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there. Westaway v. Chicago, etc. Ry. Co., 56 Minn. 28, 57 N. W. 222; Burns v. North Chicago Rolling Mill Co., 65 Wis. 312, 27 N. W. 43. The court recognizes this rule, but distinguishes the principal case on the ground that the train itself does the injury, while in this case not the blasting but the horse causes it. This distinction, even if true, goes only to the issue of legal cause, one of fact, whereas the difficult point is whether or not the defendant violated a duty. No satisfactory distinction is perceived, and if the railroad cases are right, the propriety of the decision in the principal case may well be doubted. There is, however, a tendency to limit the rule strictly to cases of the crossing-signal type. O'Leary v. Erie R. Co., 51 N. Y. App. Div. 25, 64 N. Y. Supp. 511.

SALES – RISK OF Loss - CONDITIONAL SALES. - The plaintiff sold the defendant a piano, title to remain in the seller till the price was paid. On the buyer's default after a portion of the price had been paid, the seller replevied the piano. Before termination of the suit the piano was destroyed without fault of the plaintiff. Held, that the defendant is not entitled to a return of the payment made. Hollenberg Music Co.v. Barron, 140 S. W. 582 (Ark.).

By the weight of authority a retaking of the property on default of the buyer precludes any right to the unpaid purchase price. Rodgers v. Bachman, 109 Cal. 552, 42 Pac. 448; Perkins v. Grobben, 116 Mich. 172, 74 N. W. 469. But it allows the seller to retain payments already made, since that was the bargain entered into. Angier v. Taunton Paper Mfg.Co., 1 Gray (Mass.) 621. It seems obvious that in this state of the law a destruction of the property could not affect the rights of the parties. A conditional sale, however, should be treated as a mortgage by the buyer to the seller. Consequently the seller should be allowed to retake the property and sue for the purchase price. See WILLISTON, SALES, $ 579. This has been allowed even when the seller has resold at a loss. Dederick v. Wolfe, 68 Miss. 500, 9 So. 350. It would follow that the buyer should also bear the total loss of the property. The seller, then, having a right to the purchase price, might keep payments already made. This view, adopted by the principal case, more accurately defines the rights of the parties, though in the immediate case the result is the same on either view. Under it the seller is forced to take simply as security, and a situation where he might have both the property and most of the purchase price is avoided.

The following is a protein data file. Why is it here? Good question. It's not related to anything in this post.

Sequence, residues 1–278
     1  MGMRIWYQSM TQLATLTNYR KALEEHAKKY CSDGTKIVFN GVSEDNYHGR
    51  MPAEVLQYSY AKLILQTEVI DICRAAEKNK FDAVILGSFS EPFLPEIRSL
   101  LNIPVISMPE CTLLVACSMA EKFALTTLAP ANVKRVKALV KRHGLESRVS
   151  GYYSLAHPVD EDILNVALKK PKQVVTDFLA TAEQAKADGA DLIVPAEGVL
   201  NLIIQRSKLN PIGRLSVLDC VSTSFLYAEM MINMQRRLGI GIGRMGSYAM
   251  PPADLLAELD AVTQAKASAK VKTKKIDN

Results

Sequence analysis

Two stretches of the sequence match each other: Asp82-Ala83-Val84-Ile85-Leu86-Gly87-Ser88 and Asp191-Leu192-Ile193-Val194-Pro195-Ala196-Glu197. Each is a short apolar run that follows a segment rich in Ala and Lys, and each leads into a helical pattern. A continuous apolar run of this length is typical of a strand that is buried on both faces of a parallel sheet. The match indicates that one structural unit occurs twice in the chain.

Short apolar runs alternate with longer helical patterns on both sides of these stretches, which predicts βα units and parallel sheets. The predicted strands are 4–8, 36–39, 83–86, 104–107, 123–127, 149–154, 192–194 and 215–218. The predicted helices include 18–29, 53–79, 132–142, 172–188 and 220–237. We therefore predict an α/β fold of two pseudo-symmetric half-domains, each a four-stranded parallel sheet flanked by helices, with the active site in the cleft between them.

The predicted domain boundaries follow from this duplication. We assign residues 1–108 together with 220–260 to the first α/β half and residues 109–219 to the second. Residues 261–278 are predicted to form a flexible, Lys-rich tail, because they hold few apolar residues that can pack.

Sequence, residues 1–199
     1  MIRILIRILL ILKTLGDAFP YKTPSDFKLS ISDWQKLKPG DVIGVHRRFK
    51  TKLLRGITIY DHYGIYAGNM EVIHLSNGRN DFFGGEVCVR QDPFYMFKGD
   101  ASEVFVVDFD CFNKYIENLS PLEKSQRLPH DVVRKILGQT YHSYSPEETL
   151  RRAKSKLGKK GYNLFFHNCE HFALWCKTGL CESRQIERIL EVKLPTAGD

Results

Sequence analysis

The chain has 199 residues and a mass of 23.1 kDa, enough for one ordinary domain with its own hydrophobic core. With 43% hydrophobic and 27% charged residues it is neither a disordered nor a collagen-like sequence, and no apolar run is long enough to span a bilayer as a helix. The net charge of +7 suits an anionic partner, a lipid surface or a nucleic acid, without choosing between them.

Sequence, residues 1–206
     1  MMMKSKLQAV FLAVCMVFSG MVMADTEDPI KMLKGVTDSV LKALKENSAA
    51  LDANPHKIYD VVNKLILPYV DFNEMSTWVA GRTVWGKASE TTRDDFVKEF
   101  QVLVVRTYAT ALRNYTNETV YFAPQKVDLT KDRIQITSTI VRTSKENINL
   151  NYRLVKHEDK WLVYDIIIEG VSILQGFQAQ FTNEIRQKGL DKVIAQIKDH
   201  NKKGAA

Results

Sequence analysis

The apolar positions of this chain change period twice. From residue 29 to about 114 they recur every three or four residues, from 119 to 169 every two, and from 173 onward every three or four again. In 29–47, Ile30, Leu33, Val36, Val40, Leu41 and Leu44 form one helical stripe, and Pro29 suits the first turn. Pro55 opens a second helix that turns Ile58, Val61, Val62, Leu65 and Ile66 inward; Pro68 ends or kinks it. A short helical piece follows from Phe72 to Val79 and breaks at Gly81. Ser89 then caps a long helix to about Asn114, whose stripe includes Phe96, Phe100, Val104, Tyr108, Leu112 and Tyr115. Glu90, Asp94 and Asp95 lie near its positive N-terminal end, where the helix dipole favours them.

TAXATION WHERE PROPERTY MAY BE TAXED SUCCESSION Tax ON SHARES OF JOINT STOCK COMPANY HELD BY NON-RESIDENT. The decedent, a resident of New Jersey, owned shares in a joint stock company having its principal office in New York. An appeal was taken from an assessment of the stock at full valuation under the Transfer Tax Law of New York on the ground that it should be limited to that proportion of the value of the stock which the assets located in New York bore to the total assets. Held, that the appeal should be allowed. Estate of Willmer, 46 N. Y. L. J. 853 (N. Y., Surr. Ct., Nov. 22, 1911).

The transfer of corporation stock held by a non-resident may be taxed by the state of incorporation, for the law of that state is called upon to effect it. Matter of Bronson, 150 N. Y. 1, 44 N. E. 707.